"It's going to be traveling to events throughout the Bay Area to raise awareness about getting tested and the importance of getting tested," she added. Subaru and the AsianWeek Foundation kicked off the campaign in San Francisco on October 15 and launched the San Mateo, CA, events on November 4.
"We are focusing on the Asian-American community because it is the highest risk group," said Ted Fang, editor of AsianWeek and the director of the AsianWeek Foundation. "Hepatitis B affects Asians disproportionally. This Subaru idea with the car is a great way of entering the market and bringing the market together."
Niwa PR, the AOR for Hep B Free and AsianWeek, is handling PR around the events, while Subaru is working on PR internally. The campaign is targeting local Asian market press, as well as national press, particularly around a visit from Speaker of the House and California representative Nancy Pelosi at an event on October 31. Online, there is a HepBFree.org site and Subaru and Hep B Free are using Facebook, YouTube, and Twitter to spread the word, as well as reaching out to bloggers.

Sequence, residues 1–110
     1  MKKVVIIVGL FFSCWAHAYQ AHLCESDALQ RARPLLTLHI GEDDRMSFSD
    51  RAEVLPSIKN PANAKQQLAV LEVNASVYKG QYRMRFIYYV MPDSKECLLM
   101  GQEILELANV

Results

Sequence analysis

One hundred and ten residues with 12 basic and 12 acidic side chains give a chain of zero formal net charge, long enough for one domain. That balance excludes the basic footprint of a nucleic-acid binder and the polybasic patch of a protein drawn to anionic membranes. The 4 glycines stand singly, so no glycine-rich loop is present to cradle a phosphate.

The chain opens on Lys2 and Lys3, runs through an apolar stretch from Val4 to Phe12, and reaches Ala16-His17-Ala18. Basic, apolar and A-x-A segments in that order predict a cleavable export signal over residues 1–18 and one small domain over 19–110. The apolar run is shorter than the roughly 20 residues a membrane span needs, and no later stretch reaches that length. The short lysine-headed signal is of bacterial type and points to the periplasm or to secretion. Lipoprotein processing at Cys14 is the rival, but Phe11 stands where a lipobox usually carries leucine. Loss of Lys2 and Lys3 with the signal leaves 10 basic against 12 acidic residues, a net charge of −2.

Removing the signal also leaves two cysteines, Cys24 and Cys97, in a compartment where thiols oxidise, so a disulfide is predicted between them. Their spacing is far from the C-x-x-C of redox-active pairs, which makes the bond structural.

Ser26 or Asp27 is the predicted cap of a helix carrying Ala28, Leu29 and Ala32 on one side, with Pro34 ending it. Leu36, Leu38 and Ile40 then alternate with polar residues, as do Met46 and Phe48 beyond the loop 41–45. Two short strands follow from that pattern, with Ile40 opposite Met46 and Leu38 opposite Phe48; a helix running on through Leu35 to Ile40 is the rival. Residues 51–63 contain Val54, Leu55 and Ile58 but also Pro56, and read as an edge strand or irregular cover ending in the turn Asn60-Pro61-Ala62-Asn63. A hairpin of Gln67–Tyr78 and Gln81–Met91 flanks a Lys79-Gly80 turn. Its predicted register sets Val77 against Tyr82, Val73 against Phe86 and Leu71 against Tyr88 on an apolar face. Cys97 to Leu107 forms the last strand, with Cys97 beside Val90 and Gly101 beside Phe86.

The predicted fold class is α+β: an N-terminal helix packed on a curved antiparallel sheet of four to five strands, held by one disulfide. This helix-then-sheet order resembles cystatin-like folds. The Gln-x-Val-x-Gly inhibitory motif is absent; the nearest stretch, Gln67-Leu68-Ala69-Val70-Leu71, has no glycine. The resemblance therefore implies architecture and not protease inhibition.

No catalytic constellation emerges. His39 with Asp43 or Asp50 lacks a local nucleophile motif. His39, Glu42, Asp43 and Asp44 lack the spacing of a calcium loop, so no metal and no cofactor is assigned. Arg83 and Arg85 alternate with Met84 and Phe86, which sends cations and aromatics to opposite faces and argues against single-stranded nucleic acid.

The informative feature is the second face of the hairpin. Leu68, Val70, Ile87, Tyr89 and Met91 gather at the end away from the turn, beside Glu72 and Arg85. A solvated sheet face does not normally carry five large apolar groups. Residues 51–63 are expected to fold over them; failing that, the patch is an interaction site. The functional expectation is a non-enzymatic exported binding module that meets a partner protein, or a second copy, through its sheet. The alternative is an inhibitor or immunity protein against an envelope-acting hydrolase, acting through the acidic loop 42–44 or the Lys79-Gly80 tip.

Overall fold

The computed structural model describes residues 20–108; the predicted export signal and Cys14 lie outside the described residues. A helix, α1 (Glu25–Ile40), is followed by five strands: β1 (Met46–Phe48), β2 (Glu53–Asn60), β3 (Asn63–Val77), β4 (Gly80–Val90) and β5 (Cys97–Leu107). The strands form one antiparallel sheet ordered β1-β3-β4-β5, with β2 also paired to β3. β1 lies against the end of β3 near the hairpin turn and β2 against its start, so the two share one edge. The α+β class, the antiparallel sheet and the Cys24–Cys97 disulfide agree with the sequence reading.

"It's a smaller organization, and we're trying to put a little bit of our weight behind it to increase awareness," Ward said. She added that the San Francisco Department of Public Health will measure the effects of the campaign, monitoring how many people are getting tested and if there is any increase after the program.
"Subaru is one of our first major efforts," Fang said, "and I'm hoping the success of this will get other industries and other major Fortune 500 and Fortune 100 companies to really do similar kinds of investments into the Asian-American market."